DuBois had a rough start to the new year. First, CBS cancelled Medium, and its last show aired in January 2011. Then DuBois received criticism about her December appearance on The Real Housewives of Beverly Hills, a reality television show aired on the cable channel Bravo, in which she visited her friend Camille Grammer, now ex-wife of famed Cheers actor Kelsey Grammer (Phillips 2011). Sipping on a drink and smoking what appeared to be a cigarette, DuBois traded insults with other members of the show. One of the insults was aimed at Kyle Richards, who DuBois said “was every girl in a high school that made somebody kill herself.” While holding her cigarette, DuBois said, “I’m gonna shove this up her [censored] ass just to prove a point. Except I think she’d need a bigger one just to feel it. Oh yeah, I went there.” In response to questions about her behavior, DuBois blamed the show’s editing and denied being intoxicated. In early January 2011, DuBois told The Examiner she smoked an electronic cigarette, not a real cigarette, and added, “I had two to three cocktails in four hours and was most definitely not intoxicated. If it offended any fans I apologize.”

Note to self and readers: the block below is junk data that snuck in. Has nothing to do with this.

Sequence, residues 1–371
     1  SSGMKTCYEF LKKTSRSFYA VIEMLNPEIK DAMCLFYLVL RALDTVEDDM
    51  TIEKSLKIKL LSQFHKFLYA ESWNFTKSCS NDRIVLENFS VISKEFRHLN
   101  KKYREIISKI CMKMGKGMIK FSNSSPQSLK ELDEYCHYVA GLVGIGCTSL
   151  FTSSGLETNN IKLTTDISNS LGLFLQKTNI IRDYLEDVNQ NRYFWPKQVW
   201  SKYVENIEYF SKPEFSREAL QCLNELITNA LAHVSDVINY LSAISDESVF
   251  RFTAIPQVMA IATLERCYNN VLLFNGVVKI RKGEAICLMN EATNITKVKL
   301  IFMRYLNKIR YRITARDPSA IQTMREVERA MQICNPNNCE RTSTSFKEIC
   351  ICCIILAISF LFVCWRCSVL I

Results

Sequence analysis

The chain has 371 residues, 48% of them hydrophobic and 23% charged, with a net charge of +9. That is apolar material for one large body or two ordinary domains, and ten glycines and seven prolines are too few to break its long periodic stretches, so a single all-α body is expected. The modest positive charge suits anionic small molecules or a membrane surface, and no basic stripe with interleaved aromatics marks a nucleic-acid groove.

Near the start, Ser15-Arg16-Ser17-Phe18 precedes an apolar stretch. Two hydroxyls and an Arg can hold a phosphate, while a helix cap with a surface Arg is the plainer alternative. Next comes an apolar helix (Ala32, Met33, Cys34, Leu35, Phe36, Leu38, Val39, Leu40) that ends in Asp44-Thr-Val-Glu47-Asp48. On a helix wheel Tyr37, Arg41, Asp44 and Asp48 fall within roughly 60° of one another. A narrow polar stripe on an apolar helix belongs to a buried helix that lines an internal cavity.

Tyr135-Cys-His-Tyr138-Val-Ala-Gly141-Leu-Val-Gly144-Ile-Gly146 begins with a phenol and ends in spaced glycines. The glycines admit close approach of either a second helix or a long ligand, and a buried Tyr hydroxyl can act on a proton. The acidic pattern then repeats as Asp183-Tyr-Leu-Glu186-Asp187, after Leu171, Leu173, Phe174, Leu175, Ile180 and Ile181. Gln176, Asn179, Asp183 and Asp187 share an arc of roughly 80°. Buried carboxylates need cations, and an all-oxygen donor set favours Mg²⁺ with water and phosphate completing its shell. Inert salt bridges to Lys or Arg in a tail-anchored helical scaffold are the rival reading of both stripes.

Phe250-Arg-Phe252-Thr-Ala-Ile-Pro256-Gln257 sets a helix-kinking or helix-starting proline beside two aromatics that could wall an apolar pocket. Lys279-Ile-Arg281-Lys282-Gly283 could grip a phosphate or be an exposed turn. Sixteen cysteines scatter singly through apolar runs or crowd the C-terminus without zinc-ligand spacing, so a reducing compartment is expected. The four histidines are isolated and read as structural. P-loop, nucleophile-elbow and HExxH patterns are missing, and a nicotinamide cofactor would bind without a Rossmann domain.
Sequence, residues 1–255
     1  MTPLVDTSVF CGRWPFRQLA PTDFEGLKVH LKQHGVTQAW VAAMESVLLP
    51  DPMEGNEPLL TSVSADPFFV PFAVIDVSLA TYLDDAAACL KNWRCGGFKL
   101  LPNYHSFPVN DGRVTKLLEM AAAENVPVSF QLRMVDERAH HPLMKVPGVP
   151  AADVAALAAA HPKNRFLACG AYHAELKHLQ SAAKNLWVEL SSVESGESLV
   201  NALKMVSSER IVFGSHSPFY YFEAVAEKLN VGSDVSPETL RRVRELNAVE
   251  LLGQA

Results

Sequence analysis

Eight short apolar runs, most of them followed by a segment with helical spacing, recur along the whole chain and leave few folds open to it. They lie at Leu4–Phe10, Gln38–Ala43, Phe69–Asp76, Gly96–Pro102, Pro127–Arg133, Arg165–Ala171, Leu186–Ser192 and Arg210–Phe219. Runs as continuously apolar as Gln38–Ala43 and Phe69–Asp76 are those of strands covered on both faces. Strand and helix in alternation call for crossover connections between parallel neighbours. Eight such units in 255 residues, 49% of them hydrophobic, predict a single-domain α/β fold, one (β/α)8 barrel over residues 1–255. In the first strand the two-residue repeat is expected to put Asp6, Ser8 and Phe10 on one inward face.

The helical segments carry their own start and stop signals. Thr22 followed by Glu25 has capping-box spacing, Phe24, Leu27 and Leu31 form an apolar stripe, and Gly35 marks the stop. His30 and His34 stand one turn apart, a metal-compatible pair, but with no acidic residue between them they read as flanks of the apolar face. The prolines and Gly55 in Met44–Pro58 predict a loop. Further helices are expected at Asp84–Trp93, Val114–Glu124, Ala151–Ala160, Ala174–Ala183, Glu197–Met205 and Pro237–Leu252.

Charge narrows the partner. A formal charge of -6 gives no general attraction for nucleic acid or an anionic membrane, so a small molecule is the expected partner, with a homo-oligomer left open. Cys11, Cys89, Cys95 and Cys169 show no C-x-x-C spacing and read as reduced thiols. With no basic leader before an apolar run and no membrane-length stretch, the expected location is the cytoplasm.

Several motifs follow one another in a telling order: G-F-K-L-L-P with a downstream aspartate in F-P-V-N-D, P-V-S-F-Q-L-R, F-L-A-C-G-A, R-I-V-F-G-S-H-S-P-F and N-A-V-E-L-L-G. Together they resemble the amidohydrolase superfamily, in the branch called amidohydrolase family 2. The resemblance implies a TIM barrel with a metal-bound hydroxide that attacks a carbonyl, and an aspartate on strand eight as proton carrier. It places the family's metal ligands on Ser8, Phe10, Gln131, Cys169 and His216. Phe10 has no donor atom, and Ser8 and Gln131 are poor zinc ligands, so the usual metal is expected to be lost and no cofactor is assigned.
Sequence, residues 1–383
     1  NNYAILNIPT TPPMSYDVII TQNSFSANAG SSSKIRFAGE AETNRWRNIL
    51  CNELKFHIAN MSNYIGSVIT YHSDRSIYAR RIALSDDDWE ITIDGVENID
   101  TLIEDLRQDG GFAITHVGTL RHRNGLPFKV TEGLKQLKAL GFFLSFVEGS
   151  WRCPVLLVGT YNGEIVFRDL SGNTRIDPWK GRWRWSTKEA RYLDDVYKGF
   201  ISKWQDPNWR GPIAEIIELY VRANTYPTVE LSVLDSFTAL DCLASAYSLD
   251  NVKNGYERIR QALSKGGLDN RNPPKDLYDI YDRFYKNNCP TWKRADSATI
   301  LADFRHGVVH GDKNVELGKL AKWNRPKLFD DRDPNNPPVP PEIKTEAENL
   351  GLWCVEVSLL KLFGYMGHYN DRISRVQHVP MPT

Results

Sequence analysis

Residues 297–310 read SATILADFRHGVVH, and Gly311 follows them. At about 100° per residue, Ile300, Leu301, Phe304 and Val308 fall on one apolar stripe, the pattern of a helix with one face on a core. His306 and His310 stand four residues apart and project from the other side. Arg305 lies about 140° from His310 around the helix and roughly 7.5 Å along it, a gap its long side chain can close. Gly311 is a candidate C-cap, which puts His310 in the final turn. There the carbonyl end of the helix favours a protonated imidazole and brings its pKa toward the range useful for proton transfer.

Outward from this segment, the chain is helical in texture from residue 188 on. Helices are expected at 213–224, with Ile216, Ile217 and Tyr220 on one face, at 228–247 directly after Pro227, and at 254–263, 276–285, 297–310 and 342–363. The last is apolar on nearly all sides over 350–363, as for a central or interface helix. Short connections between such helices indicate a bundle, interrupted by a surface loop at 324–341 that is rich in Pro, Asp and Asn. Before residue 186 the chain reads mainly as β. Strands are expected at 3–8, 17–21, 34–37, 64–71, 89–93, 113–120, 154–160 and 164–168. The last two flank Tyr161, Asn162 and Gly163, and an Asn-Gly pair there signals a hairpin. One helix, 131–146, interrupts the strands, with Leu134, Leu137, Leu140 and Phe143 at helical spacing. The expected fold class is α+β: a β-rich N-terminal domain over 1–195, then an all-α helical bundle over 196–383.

Then in February, Bravo aired the now infamous dinner party in a much longer format and made clips of the show, including “Allison’s Full Rant,” available online. The longer video was more revealing but probably not in the way DuBois wanted. During one part of the “full rant,” DuBois angrily told the women at the table about Richards, “I don’t give a [censored] what she thinks about me. She can [censored] off. I can tell you when she’s going to die and what’s going to happen to her family. I love that about me.”